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36 minutes ago, random said:

  It's more like a travelling circus.

But isn't that the point. For maximum return to the sponsors its got to pique the interest of the masses. Non sailing and sailing. Judging by this thread the sponsors are getting value for money at the moment.

I for one have learnt that Vestas is highly skilled at crashing into stuff . Reefs/ fishing boats whatever. Who wouldn't want to  employ the services of a highly skilled company?;)

 

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40 minutes ago, NORBowGirl said:

I think most people who post in here believe that what they write is meant for this forum alone. 

Sorry, but that's a little bit naive to think so in today's world.

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16 minutes ago, overlay said:

But isn't that the point. For maximum return to the sponsors its got to pique the interest of the masses. Non sailing and sailing. Judging by this thread the sponsors are getting value for money at the moment.

 

Wind, is the link with sailing that's Vestas after. Not dead and mayhem.

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10 minutes ago, Herman said:

After making your point 5 times or so with different posts stating all the same, we have to part. Bye.

You just noticed? He has beaten more horses to death than anyone, including the entire Mongol horde...

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Vestas is more than just a boat sponsor this round (a boat on which 11th Hour Racing has the much bigger logo to boot), they are an race partner too.
3 race partners this round, Inmarsat, Vestas, 11th Hour Racing. 11th Hour Racing is also founding principal partner for the sustainability project.

This is not just any boat.

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1 hour ago, jack_sparrow said:

5a64f96742566_images(51).jpeg.bc34020082345b1cf90cb54084d373f3.jpeg.

Ah, you got one of those new ceramic moonshine distillers from Amazon, that explains a lot.

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2 minutes ago, Herman said:

I have ridden horses for years, so I don’t try to get a mental picture of that scene. 

But you do understand the useless stupidity of his continual repetitions? Cruel in it's own special way...

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29 minutes ago, Hwyl said:

I'm a lurker, but I'm coming out of "stealth mode" to suggest that Vestas, the company may drop out of the VOR. They had a boat plough into an island in the last edition, and now this tragedy. I know it's a different boat (it's the old Alvamedica rebranded) but Vestas is in the race for the publicity.

It seems to me to be a net negative on the publicity front. They supply blades for wind turbines and since the opponents of offshore windfarms claim they're dangerous. The incidents while racing will add fuel to the opponents arguments. It's not rational, but perception.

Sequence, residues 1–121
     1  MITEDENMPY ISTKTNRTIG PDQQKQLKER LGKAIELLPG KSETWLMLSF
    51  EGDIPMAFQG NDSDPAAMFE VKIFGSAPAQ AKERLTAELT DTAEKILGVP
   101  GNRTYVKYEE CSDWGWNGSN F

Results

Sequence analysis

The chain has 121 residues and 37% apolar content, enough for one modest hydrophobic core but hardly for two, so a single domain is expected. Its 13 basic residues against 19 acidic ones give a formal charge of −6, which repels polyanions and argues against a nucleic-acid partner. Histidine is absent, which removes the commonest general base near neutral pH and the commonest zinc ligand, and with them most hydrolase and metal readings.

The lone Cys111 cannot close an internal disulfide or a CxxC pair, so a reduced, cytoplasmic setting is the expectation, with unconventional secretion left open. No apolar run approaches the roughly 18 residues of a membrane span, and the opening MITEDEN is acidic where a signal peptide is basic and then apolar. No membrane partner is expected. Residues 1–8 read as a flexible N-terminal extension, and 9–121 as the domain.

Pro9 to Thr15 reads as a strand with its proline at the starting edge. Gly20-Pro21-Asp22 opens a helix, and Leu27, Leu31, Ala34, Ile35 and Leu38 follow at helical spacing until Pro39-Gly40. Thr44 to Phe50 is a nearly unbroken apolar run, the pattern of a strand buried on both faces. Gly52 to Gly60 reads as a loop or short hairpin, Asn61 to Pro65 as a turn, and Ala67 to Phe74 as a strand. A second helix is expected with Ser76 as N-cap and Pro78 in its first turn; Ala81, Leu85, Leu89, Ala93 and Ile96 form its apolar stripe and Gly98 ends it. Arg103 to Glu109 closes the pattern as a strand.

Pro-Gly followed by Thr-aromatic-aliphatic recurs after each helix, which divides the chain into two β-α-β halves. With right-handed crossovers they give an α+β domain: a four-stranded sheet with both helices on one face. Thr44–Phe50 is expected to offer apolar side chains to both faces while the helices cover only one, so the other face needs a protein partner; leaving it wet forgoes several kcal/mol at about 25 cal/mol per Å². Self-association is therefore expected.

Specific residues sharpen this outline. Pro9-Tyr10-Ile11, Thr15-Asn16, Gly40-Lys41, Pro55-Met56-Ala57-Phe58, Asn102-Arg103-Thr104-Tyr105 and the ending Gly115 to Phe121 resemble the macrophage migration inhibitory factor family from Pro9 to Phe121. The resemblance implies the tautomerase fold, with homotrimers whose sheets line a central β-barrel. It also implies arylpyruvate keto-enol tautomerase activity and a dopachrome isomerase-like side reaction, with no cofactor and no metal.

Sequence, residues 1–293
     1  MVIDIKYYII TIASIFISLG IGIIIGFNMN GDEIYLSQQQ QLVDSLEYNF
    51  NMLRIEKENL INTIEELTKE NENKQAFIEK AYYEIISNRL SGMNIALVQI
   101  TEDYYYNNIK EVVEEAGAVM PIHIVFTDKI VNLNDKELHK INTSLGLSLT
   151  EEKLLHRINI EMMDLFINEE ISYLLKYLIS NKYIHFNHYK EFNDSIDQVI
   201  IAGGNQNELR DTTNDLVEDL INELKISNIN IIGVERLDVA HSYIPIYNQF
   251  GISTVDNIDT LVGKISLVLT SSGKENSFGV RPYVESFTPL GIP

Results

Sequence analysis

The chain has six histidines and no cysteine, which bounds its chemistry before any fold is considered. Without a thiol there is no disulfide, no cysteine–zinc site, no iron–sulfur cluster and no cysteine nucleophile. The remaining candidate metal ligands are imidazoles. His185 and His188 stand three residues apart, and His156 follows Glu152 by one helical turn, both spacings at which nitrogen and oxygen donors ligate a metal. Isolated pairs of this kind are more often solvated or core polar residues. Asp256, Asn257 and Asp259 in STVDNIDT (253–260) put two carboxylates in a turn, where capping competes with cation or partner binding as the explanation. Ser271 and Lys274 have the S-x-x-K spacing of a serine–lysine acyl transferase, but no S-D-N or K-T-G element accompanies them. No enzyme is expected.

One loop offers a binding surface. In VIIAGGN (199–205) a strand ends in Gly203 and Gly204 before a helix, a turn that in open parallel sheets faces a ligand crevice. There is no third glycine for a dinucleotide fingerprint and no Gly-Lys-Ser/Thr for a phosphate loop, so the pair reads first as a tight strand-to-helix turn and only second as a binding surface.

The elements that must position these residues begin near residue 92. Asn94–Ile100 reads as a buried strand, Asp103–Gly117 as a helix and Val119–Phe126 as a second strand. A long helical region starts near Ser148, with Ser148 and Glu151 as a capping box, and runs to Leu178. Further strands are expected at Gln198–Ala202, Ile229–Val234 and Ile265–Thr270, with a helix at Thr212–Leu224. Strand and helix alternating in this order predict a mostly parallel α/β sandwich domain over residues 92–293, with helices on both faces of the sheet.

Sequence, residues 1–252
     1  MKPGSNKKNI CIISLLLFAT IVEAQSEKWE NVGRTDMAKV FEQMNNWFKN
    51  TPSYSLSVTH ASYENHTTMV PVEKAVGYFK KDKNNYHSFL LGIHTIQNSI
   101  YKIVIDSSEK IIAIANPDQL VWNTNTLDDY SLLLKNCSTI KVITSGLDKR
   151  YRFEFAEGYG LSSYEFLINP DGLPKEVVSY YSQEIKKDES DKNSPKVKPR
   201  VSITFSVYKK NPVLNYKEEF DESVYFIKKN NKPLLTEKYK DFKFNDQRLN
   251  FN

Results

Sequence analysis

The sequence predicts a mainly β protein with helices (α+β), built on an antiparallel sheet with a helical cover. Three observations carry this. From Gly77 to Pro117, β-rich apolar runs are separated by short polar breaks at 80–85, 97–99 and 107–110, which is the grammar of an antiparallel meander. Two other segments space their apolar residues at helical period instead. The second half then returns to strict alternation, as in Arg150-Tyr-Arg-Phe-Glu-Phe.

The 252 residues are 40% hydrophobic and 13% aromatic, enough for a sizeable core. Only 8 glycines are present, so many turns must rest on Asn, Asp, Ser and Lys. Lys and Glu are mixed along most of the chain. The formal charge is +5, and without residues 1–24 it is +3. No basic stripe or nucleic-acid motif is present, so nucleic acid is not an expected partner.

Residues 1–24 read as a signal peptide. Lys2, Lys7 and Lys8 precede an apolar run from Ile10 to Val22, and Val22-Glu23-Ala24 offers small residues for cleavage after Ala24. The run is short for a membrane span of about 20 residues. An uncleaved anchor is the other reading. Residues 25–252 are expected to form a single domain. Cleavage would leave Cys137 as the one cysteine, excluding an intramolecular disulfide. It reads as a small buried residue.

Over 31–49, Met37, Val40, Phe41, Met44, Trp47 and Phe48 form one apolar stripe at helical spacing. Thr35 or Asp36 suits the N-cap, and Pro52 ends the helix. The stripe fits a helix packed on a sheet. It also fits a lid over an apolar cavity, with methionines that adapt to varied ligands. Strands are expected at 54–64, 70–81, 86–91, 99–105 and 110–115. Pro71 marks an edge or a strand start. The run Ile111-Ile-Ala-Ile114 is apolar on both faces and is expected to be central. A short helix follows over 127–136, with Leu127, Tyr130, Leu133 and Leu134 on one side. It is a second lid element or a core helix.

I don't know what it costs to run a Volvo campaign, but I doubt you'd get any change out of $2.5 million. There is no longer an upside for Vestas.

$15m 

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I would like to see the RC impose consequences on Vestas for violation of COLREGS, all vessels are required to avoid collisions regardless of fault of the other vessel. Something like assigning a last place finish for the leg and beginning the next leg on schedule while Vestas sits in port completing repairs. Not hitting other boats should be a minimum requirement for racing.

The only interesting idea I have for preventing future problems is not allowing VOR boats to use full sail at night in predetermined hazardous areas. Perhaps requiring 2 or 3 reefs or not allowing use of a headsail.

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1 minute ago, Herman said:

OMFG, there are too many of them, I’m off to bed. Jack, do your thing.

I've no idea why you try, Herman. These fuckers appear from under a bridge at the mere smell of a public lynching. 

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15 minutes ago, CFS Klopas said:

I would like to see the RC impose consequences on Vestas for violation of COLREGS, all vessels are required to avoid collisions regardless of fault of the other vessel. Something like assigning a last place finish for the leg and beginning the next leg on schedule while Vestas sits in port completing repairs. Not hitting other boats should be a minimum requirement for racing.

The only interesting idea I have for preventing future problems is not allowing VOR boats to use full sail at night in predetermined hazardous areas. Perhaps requiring 2 or 3 reefs or not allowing use of a headsail.